Gurf
I’ve got my own definition of Americana. I do understand what most people think of when they use that term, and I understand why a lot of the music I am involved with is put in that category… Let’s just say that I think ZZ Top is Americana. But Aerosmith is not.

Roch
Tell us about the concept of “the muddy”, that you’ve used in the past to describe the ‘sweet spot’, if you like, of American roots music…

Gurf Morlix
It’s where I think all the types of music that I love come together. It’s blues, and country and folk…and maybe a few other strays as well.

Roch
Your latest album is called Blaze Foley’s 113th Wet Dream. For the benefit of those who don’t know, give us the scoop: who is this Blaze Foley guy and why should people care and pay attention?

Gurf Morlix
Blaze Foley was a songwriter I met in about ’76 or ‘77. He was in Austin, drivin’ down the Drag, in a borrowed car, when he saw the marquee on the Hole In the Wall. My band was playing. We were called The Goats of Arabia. He drove to where he was staying, woke up the guy whose car it was, and said “we gotta go see what this band is.”

He introduced himself to me. I guess he liked our music. I wondered who the big weirdo was. We talked on a break. He told me he had a gig coming up in a few days, and would I come? It was a happy hour gig, in a disco! I went, with some friends. He shouldn’t have been booked in there, but he was great, nonetheless.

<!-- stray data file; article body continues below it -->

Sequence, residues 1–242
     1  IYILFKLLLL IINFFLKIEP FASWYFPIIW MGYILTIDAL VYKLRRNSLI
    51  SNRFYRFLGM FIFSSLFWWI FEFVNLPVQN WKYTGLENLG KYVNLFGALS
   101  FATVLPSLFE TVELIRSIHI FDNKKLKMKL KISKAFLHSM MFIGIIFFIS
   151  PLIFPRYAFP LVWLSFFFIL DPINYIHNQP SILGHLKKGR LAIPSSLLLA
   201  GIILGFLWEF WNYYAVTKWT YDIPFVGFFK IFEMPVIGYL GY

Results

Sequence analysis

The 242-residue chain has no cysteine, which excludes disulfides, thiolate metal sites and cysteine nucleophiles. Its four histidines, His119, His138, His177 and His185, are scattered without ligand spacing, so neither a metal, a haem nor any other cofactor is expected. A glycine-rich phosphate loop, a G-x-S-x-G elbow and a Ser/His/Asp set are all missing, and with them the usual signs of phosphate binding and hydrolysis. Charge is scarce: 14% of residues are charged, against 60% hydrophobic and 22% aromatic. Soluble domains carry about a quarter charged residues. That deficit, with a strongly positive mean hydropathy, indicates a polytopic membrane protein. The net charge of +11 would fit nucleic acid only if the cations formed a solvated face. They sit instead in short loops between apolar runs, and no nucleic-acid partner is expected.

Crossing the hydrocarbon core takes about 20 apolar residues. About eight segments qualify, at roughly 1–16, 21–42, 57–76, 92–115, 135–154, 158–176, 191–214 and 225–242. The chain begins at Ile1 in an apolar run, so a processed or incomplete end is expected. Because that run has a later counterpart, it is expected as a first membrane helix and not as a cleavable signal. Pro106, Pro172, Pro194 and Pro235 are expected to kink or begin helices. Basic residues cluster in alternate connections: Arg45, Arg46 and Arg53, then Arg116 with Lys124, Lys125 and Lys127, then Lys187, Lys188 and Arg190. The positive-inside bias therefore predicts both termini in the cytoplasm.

I LOVED his songs. I loved his persona. He was like no one I’d ever seen before. He passed around pictures of the people in his songs. It was kind of like ‘show & tell’. He had a bunch of really great songs. Funny songs. Tender love songs. Sad songs that would just make me weep.

Roch
What is it specifically that made/makes Blaze more than just another Texas Townes Van Zandt-inspired singer-songwriter?

Gurf
Just about every Texas folksinger was influenced by Townes Van Zandt. He’s the benchmark. But Blaze’s songs resonated with people. They are poetic, but they are so real!! It’s not easy to write songs that good.

Roch
You also wrote and recorded a song about Blaze (“Music You Mighta Made” on ‘Last Exit To Happyland’), and you’ve also been instrumental in releasing a couple of archival Blaze albums. Why did you decide to do a full album of Blaze’s songs?

Gurf
Ever since Blaze was murdered, in 1989, I wanted to do something to try to get his songs a bit wider recognition. As I saw that the documentary film (‘Blaze Foley: Duct Tape Messiah’) was nearing completion, I decided it was time to record an album of his songs.